And for all this, nature is never spent;

The above line is from the poem “God’s Grandeur” by Gerard Manley Hopkins. It has very much come to mind in recent days.

A constant source of fascination and joy is that our house backs onto open fields surrounded by numerous trees. It’s a landscape that provides a rich and varied wildlife habitat and in which the changing of the seasons is very evident. One of those remarkable, speeded up, time laps films would reveal this especially graphically, but in real time it is no less spectacular. Over the winter there is little change, but it only takes a few sunny spring days to bring about the first burst of new life and activity; suddenly there is blossom and the emergence of fresh green leaves which can seem to appear almost between glances. There is avian activity too; birds, in ever increasing numbers, busily feeding or collecting nesting material. Yet, at the present time, all this is occurring in what almost seems like defiance of the destruction and unfolding tragedy of the covid-19 pandemic.

Perhaps it’s because of such a stark contrast that this spring feels all the more intense. Without doubt I have been more keenly aware of it; the necessary restrictions on our lives have made what limited time and opportunity there is to be out in the open air all the more precious. A similar experience is summed up in a sentence from the transcript of a radio talk given by Sir John Betjeman in 1940, which I came across quite by accident. In referring to his observations in the early months of World War II he noted, “I have become grateful for small things that I had not time to notice in the hurried turmoil we called civilization before the war.” In our own present crisis, it is easy to identify with this.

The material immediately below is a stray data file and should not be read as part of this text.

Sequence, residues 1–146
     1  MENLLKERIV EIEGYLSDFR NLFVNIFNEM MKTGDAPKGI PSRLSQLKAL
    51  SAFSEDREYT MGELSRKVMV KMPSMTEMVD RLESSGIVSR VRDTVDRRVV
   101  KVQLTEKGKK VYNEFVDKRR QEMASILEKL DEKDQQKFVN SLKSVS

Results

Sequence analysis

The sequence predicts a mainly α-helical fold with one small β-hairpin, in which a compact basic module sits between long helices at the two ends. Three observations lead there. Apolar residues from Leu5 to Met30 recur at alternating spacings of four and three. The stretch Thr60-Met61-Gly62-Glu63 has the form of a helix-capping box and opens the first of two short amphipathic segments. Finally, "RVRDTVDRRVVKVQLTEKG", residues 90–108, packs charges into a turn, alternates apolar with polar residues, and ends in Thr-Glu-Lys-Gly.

It is a sobering thought that spring, the miracle of nature’s annual renewal, was occurring long before humankind arrived on the scene. Hopkins’s poem grasps something of the magnitude of this, the first line boldly declaring, “The world is charged with the grandeur of God.” But a few lines later the poet questions man’s failure to recognise this, noting with bitter regret:

“And all is seared with trade; bleared, smeared with toil;
And wears man’s smudge and shares man’s smell: the soil
Is bare now, nor can foot feel, being shod.”

But then comes a powerfully reassuring statement …

“And for all this, nature is never spent;
There lives the dearest freshness deep down things;”

Hopkins, with an abundance of faith, ultimately asserting …

“Because the Holy Ghost over the bent
World broods with warm breast and with ah! bright wings.”

There is, of course, another parallel – the spring season is concurrent with that of Passiontide and Easter, in which the death and resurrection of Jesus Christ reveals God’s ultimate renewal of life and victory over death. Just now, the message of this also seems to be intensified in a way we may not have experienced before.

Andrew Mayes

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